Contabi provides its members with content, training, and education, so that they can service their customers, made up of small business owners. There’s also a directory that small businesses can use to find alliance members. 

Co-founded by Arthur and two of his former colleagues who come from the tech and finance sectors, they leveraged their access to an international network. In building something they wanted to see exist for themselves and generating interest from their community, they knew they were onto something.

We sat down with Arthur to talk about the importance of diversity and inclusion at the workplace, and what his experience has been like building a multi-national alliance during a pandemic:

On Working on Diversity and Inclusion Practices 

During Arthur’s time at a cloud accounting startup, his company co-sponsored events and hosted webinars with some underrepresented groups to help them feel connected and appreciated.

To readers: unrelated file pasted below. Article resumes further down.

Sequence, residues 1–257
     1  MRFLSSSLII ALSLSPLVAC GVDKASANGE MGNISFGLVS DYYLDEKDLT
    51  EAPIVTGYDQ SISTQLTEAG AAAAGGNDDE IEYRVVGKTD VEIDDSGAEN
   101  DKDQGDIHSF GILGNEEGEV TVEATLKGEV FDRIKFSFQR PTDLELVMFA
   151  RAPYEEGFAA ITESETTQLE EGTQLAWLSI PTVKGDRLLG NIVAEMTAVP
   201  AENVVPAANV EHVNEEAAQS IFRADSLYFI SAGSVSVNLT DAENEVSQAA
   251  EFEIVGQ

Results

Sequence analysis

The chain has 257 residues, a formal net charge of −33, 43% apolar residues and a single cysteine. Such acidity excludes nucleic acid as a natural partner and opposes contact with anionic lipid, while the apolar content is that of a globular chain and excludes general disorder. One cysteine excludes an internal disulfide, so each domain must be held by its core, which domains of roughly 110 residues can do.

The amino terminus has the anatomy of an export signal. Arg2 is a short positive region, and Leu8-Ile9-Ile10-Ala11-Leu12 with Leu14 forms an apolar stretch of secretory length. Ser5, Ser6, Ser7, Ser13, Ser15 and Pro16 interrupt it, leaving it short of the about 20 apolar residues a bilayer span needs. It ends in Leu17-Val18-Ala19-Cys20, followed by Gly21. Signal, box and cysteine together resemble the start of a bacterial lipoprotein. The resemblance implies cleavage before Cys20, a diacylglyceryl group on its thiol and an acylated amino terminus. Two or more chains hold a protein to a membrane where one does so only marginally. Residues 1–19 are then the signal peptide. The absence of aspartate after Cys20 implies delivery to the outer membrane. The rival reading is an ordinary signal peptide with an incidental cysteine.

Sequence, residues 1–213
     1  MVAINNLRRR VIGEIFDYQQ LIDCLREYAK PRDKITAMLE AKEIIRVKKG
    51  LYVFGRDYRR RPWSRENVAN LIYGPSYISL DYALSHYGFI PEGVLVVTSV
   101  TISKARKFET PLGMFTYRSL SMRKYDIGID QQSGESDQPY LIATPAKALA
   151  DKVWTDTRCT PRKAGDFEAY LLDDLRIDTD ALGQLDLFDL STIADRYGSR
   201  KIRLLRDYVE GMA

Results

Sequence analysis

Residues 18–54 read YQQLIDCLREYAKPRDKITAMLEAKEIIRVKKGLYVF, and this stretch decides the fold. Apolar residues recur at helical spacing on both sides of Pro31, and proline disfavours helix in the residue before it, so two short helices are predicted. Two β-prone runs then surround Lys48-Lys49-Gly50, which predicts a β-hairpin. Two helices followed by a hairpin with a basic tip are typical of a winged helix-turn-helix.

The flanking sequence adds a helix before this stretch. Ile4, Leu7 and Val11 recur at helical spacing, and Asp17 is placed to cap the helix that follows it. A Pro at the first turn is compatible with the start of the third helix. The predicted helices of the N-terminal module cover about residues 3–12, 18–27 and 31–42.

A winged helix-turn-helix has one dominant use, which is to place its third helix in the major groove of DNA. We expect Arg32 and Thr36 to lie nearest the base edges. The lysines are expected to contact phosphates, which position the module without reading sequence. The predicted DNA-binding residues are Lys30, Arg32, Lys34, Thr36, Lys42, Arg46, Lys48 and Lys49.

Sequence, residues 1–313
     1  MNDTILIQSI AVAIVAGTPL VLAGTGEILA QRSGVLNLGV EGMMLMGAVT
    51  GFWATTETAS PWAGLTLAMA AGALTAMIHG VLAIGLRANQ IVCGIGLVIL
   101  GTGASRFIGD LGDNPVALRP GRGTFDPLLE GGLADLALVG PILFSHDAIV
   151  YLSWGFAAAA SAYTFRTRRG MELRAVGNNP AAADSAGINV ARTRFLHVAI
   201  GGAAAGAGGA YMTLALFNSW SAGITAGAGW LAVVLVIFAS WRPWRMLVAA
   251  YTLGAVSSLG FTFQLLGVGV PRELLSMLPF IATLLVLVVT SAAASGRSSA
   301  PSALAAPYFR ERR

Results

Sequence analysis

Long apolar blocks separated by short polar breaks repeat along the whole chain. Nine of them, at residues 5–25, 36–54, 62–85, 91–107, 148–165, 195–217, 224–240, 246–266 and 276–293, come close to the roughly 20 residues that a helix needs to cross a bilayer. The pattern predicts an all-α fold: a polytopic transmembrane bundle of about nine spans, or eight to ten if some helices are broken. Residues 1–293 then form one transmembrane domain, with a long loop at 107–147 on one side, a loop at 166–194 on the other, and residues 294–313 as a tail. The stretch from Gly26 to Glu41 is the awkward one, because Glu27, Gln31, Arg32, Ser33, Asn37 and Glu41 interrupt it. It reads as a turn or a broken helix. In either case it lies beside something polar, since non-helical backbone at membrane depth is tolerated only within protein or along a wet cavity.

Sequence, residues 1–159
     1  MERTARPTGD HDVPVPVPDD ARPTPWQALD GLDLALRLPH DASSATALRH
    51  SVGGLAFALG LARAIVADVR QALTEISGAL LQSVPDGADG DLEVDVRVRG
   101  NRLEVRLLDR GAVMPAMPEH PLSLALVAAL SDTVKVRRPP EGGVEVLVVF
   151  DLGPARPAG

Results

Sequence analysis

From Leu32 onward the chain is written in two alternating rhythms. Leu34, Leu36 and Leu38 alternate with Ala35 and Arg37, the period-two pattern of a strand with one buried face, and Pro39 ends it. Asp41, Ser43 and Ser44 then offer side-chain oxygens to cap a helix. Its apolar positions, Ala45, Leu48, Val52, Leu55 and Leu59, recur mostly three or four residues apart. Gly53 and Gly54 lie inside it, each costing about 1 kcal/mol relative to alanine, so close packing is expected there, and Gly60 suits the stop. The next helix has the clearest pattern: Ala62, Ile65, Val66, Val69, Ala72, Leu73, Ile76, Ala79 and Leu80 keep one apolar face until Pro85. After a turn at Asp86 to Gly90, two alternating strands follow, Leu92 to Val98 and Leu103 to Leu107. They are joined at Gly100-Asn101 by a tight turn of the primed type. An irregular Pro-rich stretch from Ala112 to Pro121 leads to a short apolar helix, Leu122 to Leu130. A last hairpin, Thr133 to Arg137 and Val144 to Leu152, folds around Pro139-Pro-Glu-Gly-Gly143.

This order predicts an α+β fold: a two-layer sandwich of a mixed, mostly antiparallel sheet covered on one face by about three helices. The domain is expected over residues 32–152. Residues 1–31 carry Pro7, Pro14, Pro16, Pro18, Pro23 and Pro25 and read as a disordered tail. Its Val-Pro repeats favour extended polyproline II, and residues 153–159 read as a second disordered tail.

But it wasn’t always an easy path. During his time working on diversity and inclusion practices in the workplace, Arthur sometimes felt he was pushing a rock uphill. “[If you’re a] culturally diverse person in the company looking to address a need in their community … you just have to keep trying and keep pushing,” he says. “Sometimes you just have to ask for forgiveness instead of permission when you do things.”  

On Creating Community

To create community, Arthur and his co-founders, Joel Lacayo and Hugo Duran, have folded in the following: 

Leaning into social platforms and content. Arthur’s goal is to create a community where members of the Contabi Alliance can create a community. Contabi Alliance has a private group for its members and an app where they can message one another, post events, and comment on posts. 

Sharing stories. Contabi Alliance is launching an online Latinos and Latinas in Tech series. It’s an eight-week series featuring Latino and Latina tech leaders in the areas of accounting, tax, and payroll. 

“We wanted to spotlight their contributions, for being the champions within [different] organizations,” Arthur says. “We are highlighting their stories, their contributions and their success within their companies.”